On June 10th, Umphrey’s Mcgee unleashed their album Similar Skin (MRI). This album is a tour-de-force of hard rock that cannot be classified as merely a jam or funky dance album. This is more a hard rock/progressive statement that screams in the loudest possible voice “Rock-n-Roll Is NOT DEAD!” This album is not for the shy, but rather produced by rock fans for rock fans. It will appeal most to your inner-musician as you seek out Umphrey’s numerous 80’s influences from Metallica to Frank Zappa to Rush to Jaco Pastorius.  Jordan Blum of characterizes their style as a marriage of elements between the “melodicism” of the Beatles, “symphonic prog” of Yes and “heavy metal thunder” of Led Zeppelin. The element that stands out most on the record is its technical mastery of guitar work, including that intense Zappa like interplay though it is obvious the album has been trimmed of fat compared to the five-course meal one experiences at a live show.  On the other hand the songwriting and lyrics can best be described as forgettable compared to the complex sonic intensity that persists throughout. The thesis of the album is to prove that Umphrey’s Mcgee comes from ‘similar skin’ of other relevant rock acts. The case gets off to a strong start with debut track “The Linear”.  This track features a steadily rising intensity and plenty of space for lead guitarist Jake Cinniger to blaze to the finish with a frantic solo. The vibe continues to assault your ears until the track “No Diablo” lightens the journey.  It can be classified as progressive keys driven pop with tongue-in-cheek introspective lyrics about the nature of the afterlife. Many have scorned this track as ‘out of place’ and ‘diversity for diversity sake’, but I think it serves to prove the bands eclecticness and provide a form of comic relief from the otherwise intense proceedings. Another standout track is “Puppet String”, which is a live standard that is given proper treatment on the album and teases the listener to want to hear a lengthier version in person.  The final song “Bridgeless” is an unpredictable roller coaster ride, and at nine minutes the longest on the album.  It is a challenging composition with a constantly changing tempo that culminates in an epic guitar duel between Cinninger and lead man Brendan Bayliss which serves as the climax for this undeniable rock masterpiece.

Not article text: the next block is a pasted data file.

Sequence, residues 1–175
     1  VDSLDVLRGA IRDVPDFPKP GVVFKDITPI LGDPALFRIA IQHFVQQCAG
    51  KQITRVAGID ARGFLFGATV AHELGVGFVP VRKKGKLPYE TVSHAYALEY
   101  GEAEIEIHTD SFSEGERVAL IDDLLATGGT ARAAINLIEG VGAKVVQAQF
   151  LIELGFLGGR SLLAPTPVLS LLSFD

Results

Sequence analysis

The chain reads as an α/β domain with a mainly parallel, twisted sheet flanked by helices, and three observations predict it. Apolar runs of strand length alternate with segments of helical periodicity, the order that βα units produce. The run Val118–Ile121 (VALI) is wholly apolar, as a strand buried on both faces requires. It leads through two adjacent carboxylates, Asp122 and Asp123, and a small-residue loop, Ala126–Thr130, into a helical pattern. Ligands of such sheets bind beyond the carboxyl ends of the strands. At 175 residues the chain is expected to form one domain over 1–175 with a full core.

Last but not least, Phish released their first album in five years entitled Fuego. The album has been a major divider for the community, as people either love it or detest it.  Phish premiered the album in full at a show last Halloween, where it received mixed reactions from fans. It features a diverse array of tracks from funk to pop whilst maintaining the patented phish sound.  The writing for the album was done collaboratively and it really seems like the whole band was on the same page. Production wise, every track is crisp with a clear defined sound that is aesthetically pleasing. Upon first listen, songwriting sounded corny and contrived. However, upon subsequent listens I realized the positive nature of the lyrics makes the album feel genuine. After the troubles plaguing the band in recent years, the fact this album was even made is a triumph. This should be viewed as a celebration that Phish is back on the same page and still delivering fuego! Not surprisingly, the album kicks off with an epic song entitled “Fuego”. This is the records high point with hilarious lyrics and gospel funk interplay between Page McConnell (Keys) and Trey Anastasio (Guitar).  Furthermore, uplifting track ‘Devotion to a Dream” delivers positive vibrations mixed with a truthful look at the bands previous struggles and getting back to where they are today.  Another standout is “555” which is arguably the funkiest track and the horns sections add to the punch.  All in all, as much as I try to breakdown and analyze the influences on the Moe. and Umphrey’s albums, for Phish I was forced to just sit back and appreciate this album in its own right.  I will certainly agree this rendition does not come close to previous classics like Story of the Ghost, but it appears like Phish is a real band again and genuinely having fun making music. Heading Fuego is like watching Michael Jordan play on the Wizards, you know you’re witnessing a legend but it’s not quite what it used to be.



In conclusion, all three albums are superb in their own right but if you really want to get the full experience of these bands you must make an effort to see them live!



Listen to all the albums here